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States before relations: On misrecognition and the bifurcated regime of sovereignty

Published online by Cambridge University Press:  20 November 2018

Minda Holm*
Norwegian Institute of International Affairs (NUPI)
Ole Jacob Sending
Norwegian Institute of International Affairs (NUPI)
*Corresponding author. Email:


The symbolic structure of the international system, organised around sovereignty, is sustained by an institutional infrastructure that shapes how states seek sovereign agency. We investigate how the modern legal category of the state is an institutional expression of the idea of the state as a liberal person, dependent on a one-off recognition in establishing the sovereign state. We then discuss how this institutional rule coexists with the ongoing frustrated search for recognition in terms of sociopolitical registers. While the first set of rules establishes a protective shield against others, regardless of behaviour, the second set of rules specify rules for behaviour of statehood, which produces a distinct form of misrecognition. States are, at one level, already recognised as sovereign and are granted rights akin to individuals in liberal thought, and yet they are continually misrecognised in their quest to actualise the sovereign agency they associate with statehood. We draw on examples from two contemporary phenomena – fragile states, and assertions of non-interference and sovereignty from the populist right and non-Western great powers, to discuss the misrecognition processes embedded in the bifurcated symbolic structure of sovereignty, and its implications for debates about hierarchy and sovereignty in world affairs.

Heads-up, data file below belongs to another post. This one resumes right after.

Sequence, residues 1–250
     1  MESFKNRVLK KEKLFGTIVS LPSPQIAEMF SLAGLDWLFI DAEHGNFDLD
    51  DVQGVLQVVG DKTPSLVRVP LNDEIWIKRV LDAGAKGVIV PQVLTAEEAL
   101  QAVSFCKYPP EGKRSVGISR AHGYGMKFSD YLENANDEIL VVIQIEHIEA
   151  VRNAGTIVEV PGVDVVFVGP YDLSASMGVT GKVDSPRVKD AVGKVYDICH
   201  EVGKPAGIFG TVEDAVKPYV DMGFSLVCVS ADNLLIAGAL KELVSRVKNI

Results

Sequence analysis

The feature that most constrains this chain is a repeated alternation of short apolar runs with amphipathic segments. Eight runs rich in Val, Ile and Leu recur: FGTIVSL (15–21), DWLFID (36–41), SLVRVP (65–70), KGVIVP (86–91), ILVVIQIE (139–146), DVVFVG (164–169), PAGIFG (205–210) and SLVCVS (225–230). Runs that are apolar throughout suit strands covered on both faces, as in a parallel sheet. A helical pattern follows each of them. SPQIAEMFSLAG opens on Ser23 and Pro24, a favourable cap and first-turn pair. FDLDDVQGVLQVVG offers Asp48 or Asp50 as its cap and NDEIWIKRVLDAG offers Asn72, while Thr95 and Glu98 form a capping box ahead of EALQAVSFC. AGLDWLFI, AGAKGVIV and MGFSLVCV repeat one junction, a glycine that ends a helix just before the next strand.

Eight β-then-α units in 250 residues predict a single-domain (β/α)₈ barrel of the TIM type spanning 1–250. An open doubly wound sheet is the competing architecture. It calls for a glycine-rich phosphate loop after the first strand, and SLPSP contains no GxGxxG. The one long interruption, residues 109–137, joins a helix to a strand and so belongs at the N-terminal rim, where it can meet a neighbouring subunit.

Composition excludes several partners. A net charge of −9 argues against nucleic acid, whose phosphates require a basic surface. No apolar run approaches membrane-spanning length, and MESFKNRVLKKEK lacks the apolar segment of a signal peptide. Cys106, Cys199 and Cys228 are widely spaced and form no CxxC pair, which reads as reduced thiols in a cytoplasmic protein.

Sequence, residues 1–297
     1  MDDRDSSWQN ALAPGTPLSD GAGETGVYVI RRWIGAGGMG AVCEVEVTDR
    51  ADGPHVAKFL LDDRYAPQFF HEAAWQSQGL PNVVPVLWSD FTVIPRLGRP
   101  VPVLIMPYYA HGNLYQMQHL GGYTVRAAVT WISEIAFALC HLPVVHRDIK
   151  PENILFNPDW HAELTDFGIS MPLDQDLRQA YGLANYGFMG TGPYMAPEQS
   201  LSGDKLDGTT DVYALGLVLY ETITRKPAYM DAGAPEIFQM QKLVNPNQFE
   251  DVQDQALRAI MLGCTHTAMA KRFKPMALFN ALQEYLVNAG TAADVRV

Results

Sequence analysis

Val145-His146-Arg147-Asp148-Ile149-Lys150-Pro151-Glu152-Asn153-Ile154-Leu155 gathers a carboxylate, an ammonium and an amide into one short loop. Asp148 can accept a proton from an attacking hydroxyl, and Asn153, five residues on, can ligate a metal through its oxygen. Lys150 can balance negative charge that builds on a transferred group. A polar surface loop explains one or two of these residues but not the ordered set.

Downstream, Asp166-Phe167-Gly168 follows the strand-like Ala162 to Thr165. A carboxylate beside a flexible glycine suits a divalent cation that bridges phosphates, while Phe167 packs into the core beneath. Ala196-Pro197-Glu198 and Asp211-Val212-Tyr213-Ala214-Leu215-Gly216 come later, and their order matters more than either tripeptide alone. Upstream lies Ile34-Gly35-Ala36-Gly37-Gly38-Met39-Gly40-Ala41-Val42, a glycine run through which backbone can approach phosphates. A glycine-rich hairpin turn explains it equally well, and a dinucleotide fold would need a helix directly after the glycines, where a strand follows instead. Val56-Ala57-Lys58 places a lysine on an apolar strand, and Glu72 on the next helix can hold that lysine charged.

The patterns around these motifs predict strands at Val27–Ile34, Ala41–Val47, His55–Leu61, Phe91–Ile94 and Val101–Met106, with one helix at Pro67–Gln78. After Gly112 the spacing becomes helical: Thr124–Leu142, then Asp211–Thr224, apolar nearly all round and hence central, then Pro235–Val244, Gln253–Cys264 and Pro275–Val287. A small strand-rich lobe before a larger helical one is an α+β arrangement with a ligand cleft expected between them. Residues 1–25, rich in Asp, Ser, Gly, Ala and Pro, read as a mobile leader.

Research Article
© British International Studies Association 2018 

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3 As such, we propose a different take on misrecognition than the one offered in a recent piece by Rebecca Adler-Nissen and Alexei Tsinovoi, where misrecognition is defined as ‘a gap between the dominant narrative of a national Self and the way in which this national Self is reflected in the “mirror” of the international Other’, that is, in continuation with the Self–Other literature in IR. Adler-Nissen, Rebecca and Tsinovoi, Alexei, ‘International misrecognition: the politics of humour and national identity in Israel’s public diplomacy’, European Journal of International Relations, Online First (January 2018), pp. 127 Google Scholar .

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22 Weber, ‘Performative states’, p. 78; see also Ringmar, ‘How the world stage makes its subjects’, p. 101; Jackson and Nexon, ‘Relations before states’, p. 293.

23 Oppenheim, International Law, pp. 168, 170, 171, emphasis added.

24 The state as a person is based on an analogy, but it is also real, in the sense that the unified thinking of statehood as a Person/entity permeates how both scholars and political actors think, organise, and act in the international realm. In contrast to human embodiment, then, the juristic category is indeed an ‘as if’, but it is one that real consequences for how statehood is performed. The legal-historical background and thus implications of which are largely bypassed in the otherwise excellent discussion of ‘state as person’ in this journal; see Jackson, Patrick T., ‘Forum introduction: Is the state a person? Why should we care?’, Review of International Studies, 30:2 (2004)CrossRefGoogle Scholar .

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68 Zarakol, ‘What made the modern world hang together’; Zarakol, Ayşe and Mattern, Janice Bially, ‘Hierarchies in world politics’, International Organization, 70:3 (2016), pp. 623654 Google Scholar .

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